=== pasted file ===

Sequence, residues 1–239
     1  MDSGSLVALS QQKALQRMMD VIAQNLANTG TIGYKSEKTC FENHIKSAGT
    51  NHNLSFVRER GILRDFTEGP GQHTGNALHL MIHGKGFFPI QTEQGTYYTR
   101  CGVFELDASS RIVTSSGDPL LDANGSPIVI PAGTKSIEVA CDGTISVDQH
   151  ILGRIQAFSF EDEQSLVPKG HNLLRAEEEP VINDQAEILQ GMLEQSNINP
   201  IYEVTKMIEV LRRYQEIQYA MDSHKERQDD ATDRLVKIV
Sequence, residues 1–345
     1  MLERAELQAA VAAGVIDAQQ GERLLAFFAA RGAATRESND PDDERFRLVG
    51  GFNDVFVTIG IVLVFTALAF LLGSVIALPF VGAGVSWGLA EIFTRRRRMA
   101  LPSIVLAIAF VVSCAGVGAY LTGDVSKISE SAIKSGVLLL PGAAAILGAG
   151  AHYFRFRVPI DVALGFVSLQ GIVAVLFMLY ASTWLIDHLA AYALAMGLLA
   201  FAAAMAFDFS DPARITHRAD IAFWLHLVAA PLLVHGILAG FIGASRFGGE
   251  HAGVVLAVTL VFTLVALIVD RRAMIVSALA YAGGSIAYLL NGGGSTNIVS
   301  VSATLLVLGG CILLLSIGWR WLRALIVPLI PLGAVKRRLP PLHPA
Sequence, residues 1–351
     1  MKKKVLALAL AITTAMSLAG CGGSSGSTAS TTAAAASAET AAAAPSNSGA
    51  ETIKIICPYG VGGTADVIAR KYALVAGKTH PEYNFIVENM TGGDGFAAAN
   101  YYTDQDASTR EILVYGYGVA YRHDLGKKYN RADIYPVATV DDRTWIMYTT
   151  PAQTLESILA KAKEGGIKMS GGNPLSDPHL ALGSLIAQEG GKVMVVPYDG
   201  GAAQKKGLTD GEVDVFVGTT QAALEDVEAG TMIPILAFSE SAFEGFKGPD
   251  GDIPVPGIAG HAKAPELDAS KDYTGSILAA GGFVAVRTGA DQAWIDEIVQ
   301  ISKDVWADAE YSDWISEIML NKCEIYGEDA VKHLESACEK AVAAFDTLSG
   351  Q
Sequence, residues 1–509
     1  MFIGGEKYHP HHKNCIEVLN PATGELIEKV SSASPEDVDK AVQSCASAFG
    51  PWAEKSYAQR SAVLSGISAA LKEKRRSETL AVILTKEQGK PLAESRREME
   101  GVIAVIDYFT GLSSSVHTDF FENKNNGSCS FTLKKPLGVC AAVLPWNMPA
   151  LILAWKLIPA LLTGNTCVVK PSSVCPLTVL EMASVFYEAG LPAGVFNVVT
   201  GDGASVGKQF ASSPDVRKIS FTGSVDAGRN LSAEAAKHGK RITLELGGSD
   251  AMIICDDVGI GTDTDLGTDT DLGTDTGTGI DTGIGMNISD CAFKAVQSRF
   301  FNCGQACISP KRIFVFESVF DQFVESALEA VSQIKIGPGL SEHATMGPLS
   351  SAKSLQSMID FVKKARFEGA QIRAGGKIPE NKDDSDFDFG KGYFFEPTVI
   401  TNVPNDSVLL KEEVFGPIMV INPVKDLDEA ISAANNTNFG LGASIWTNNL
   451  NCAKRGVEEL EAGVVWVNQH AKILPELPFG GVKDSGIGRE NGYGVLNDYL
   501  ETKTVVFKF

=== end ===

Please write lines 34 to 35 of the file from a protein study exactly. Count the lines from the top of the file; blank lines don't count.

   451  NCAKRGVEEL EAGVVWVNQH AKILPELPFG GVKDSGIGRE NGYGVLNDYL
   501  ETKTVVFKF